Have you ever been brushing your teeth and noticed some bleeding? Bleeding gums when brushing is common but that doesn’t mean it’s something you should ignore. In this post, we’re going to answer one of the most common questions we get from patients: “Why do my gums bleed when I brush my teeth?”

Your gums are small but they’re very important. Your gums are tasked with protecting the roots of your teeth from bacteria. Without healthy gums, bacteria can sneak beneath your teeth and damage tissue which can become too damaged to hold teeth. Over time, damage to your gums can lead to serious issues so symptoms of these problems should not be ignored.

So, your gums are important but what would cause bleeding gums when brushing your teeth?

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Bleeding gums when brushing is often an early sign of unhealthy gums. One of the most common causes of bleeding gums is gingivitis which is the early stage of gum disease. Other common gingivitis symptoms include red gums, sensitive gums, and bad breath. Healthy gums have a pink color but if your gums appear to be red, you should have them checked by your dentist.

The good news about gingivitis is that this stage of gum disease is reversible. Your dentist can scrape away plaque and bacteria but you will need to visit your dentist every 6 months. Brushing and flossing help keep bacteria away for good so you can enjoy healthy gums so don’t skimp on your daily oral health care habits. When brushing your teeth, be sure to brush gently along the gum line where the tooth meets the gum tissue. If bleeding gums when brushing persists, a dentist or hygienist may need to remove plaque that home cleaning can’t reach.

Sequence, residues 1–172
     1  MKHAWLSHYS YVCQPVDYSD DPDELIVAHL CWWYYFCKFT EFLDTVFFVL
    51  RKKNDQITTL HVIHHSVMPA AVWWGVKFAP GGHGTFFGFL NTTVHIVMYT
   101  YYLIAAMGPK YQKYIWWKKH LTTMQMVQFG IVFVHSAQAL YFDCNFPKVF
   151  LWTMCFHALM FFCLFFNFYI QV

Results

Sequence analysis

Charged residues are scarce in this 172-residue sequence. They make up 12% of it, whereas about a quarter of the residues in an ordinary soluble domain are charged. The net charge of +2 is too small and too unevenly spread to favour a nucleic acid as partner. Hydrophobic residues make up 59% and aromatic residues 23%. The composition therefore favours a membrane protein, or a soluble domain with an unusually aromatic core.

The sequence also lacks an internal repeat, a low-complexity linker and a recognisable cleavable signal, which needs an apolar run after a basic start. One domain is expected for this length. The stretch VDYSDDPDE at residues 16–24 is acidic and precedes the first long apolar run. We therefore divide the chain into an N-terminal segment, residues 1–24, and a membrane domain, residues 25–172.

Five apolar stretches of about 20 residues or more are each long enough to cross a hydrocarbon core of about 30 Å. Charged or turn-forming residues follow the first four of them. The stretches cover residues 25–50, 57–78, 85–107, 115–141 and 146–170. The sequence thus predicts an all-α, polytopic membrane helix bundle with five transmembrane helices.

If ignored, gingivitis can get worse and your gums may start to pull away from your teeth, leaving space for bacteria to travel into tissues below your teeth. The longer bacteria live in your tissues, the worse your dental health gets.


The various medicines you take can make your gums more likely to bleed, even if you have excellent brushing and flossing habits. Blood thinners and aspirin keep your blood from clotting and they can increase your risk of bleeding gums while brushing and may actually cause your gums to bleed even after brushing. If you are taking any blood thinners or other medication that prevents blood from clotting, you should tell your dentist. Our goal is to help your mouth be as healthy as possible but we can’t do that if we don’t know the details of your general health. Many people don’t think to provide this information because they aren’t aware of the link between general health and oral health but it is very important for your dentist to be aware of this.


Pregnancy changes the body in so many ways but it may surprise you to know that normal hormone changes can cause what is often referred to as “pregnancy gingivitis”. If you are pregnant, you may notice that your gums swell and become sensitive which can cause bleeding gums when brushing or flossing. You may not think to consult your dentist when you’re pregnant but it can help you avoid oral health issues that may arise during your pregnancy.

If you’re just started using a water flosser or you’ve started brushing and flossing more often, you may notice that your gums are more sensitive than normal. While it is true that your gums may bleed when getting used to a new oral care routine, it shouldn’t persist. If bleeding gums when brushing persists, you may be brushing too hard and it could be damaging and irritating your gums.

Many people still believe that bleeding gums when brushing is totally normal and should be ignored but it’s simply not true. Bleeding gums when brushing is most often an early sign of gum disease. The good news is that if you take action when you notice that you have bleeding gums when brushing this stage of gum disease can likely be reversed. If you notice that you have bleeding gums when brushing it’s time to visit your dentist so that you can address any issues and ensure healthy gums in the future.